Yes. Sure, so several points there. I think regionally, I mean our view isn't dramatically different than anybody else's. And that is Asia recovered the fastest and you can see it in China, Vietnam, Korea, other markets in Asia have done pretty well considering on the domestic flights. So I mean long haul international is going to be challenged for many several years. And so I would not want to own a lot of 777 and A330s and we don't own any. So then, Europe is now sort of coming on where a lot of countries have gotten the virus largely under control and the flights are opening up and domestic flights, you know Air France, Alitalia, THY, Lufthansa, they're all starting to add in domestic market, which is what I -- we care about the most.

Long term what I mentioned is I wouldn't necessarily want to be facing a lot of new deliveries of aircraft in the next few years, because you can imagine that's not going to be very -- that's going to be hard given that there is going to be surplus equipment. So putting new asset on lease of almost any kind of is going to be difficult, but when I look at our -- where we are positioned is we are the engine people and what has happened previously in crisis and this is one, but it's much bigger is that airline stop putting engines through major overhauls and we've seen -- we've had that discussion, because every big airline they all confirm it, you see articles confirming the same thing, you see maintenance and repair shops are emptying out. So it's happening, but at the same time, people are flying those airplanes and they're using up the green time. So that for us means that sometime in early 2021, there is going to be increased demand for leased engines once people use up there green time in their existing fleet and there will probably be a shortage. So that's perfect timing to have our products that we're developing, which we expect to get approved this year, our maintenance joint venture, which we hope to announce this quarter and finalize very close and we're trying to add as many CFM engines at good prices as we can right now, that's what the Air France deal was in the other two deals we're looking at are all the same, CFM56 engines. So that's where we're focused and headed and I think it's a great, it's actually not that you want to benefit from this, but I think that being position there where you can see that's where the -- that's where the puck is going to be and that's where we're trying to skate to.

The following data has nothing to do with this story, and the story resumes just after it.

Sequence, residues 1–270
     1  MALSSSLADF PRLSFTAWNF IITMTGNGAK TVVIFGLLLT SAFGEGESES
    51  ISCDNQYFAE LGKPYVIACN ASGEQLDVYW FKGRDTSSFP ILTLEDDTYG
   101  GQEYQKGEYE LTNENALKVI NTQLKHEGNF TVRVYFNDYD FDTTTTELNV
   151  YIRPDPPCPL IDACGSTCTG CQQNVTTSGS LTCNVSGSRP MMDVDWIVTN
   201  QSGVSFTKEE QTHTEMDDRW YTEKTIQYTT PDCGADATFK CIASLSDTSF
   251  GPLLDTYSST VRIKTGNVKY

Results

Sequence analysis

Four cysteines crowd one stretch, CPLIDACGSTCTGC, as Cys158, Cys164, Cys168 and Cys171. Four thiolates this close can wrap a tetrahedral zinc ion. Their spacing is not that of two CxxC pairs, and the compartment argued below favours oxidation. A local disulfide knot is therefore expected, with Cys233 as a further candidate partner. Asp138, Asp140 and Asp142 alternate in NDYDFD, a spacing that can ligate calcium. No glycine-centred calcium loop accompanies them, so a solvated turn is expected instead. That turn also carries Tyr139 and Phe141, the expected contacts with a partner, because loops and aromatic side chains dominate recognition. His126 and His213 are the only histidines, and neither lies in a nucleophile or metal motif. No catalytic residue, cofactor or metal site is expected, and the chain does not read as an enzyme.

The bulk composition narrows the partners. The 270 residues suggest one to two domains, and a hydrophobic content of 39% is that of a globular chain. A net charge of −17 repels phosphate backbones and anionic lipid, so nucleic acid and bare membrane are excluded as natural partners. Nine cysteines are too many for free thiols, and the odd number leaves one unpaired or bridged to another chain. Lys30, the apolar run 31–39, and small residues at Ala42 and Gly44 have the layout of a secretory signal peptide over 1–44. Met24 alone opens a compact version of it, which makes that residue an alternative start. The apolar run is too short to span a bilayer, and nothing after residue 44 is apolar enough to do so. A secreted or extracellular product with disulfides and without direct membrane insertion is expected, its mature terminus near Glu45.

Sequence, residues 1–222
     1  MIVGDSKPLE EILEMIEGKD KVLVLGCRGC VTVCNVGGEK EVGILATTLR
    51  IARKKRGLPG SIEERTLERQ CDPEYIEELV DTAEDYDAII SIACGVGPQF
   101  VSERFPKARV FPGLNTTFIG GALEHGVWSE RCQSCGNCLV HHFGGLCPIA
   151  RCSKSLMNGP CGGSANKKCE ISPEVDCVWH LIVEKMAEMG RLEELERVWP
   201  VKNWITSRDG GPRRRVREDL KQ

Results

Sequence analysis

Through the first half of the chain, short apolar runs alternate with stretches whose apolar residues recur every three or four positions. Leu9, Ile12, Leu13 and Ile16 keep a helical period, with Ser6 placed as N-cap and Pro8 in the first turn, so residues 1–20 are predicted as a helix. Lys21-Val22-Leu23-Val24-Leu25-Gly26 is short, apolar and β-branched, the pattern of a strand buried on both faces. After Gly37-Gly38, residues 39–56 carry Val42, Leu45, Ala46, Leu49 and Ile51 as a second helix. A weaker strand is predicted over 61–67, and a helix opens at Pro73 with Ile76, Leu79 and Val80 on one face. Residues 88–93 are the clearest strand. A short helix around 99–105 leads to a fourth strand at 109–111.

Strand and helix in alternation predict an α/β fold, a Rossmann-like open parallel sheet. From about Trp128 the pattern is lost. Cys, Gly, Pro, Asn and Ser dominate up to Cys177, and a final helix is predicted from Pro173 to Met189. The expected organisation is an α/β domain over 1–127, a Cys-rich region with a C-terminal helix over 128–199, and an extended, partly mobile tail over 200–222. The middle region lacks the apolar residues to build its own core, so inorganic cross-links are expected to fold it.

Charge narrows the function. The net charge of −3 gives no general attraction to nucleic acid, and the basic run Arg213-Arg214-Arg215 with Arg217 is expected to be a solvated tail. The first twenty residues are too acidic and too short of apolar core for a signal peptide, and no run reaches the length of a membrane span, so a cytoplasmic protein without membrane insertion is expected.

Ariel Rosa -- Bank of America Merrill Lynch -- Analyst

Got it. Understood. So sounds really exciting for FTAI and congratulations on navigating obviously a very difficult market. So turning to the FAD, it continues to be well in excess of the dividend or what maybe not well in excess, but comfortably in excess of the dividend in what's probably one of the most difficult quarters that anyone will face in the kind of businesses that you are in. Any thoughts on either increasing the dividend or thoughts around kind of uses of capital for that spread between where FAD is coming in and where the dividend, is at?

Joseph P. Adams Jr. -- Chairman of the Board and Chief Executive Officer

Well, we have great Aviation investment opportunities. So with these returns that's where -- our priority would be to invest in CFM engines, just like we're doing so. So I see those airlines are not going to get out of distress quickly, it's going to go on. So I think there is going to be more deals. So we have good uses. In terms of the dividend, I mean it's been always been an important part of our shareholder investment thesis and maintaining that in this quarter was important for us and we've done that. And so I think that feels like a great place to be to have gone through what is arguably one of the worst environments ever for both aviation and energy and not reduce the dividend. And also have great investment opportunity. So I feel like we're going to good spot.

Ariel Rosa -- Bank of America Merrill Lynch -- Analyst

Got it. That makes lot of sense. Thanks for the time.

Operator

Thank you. And our next question comes from Josh Sullivan with the Benchmark Company. Your line is open.

Josh Sullivan -- Benchmark -- Analyst

Hey, good morning. Congrats on the quarter. Just a question on the PMA part opportunity and commercial production. Can you give us a flavor of how deep in discussions you are with airlines customers at this point? Do you have any LOIs or orders from airlines or other customers? And then, how do you see the go-to-market strategy unfolding with the joint venture?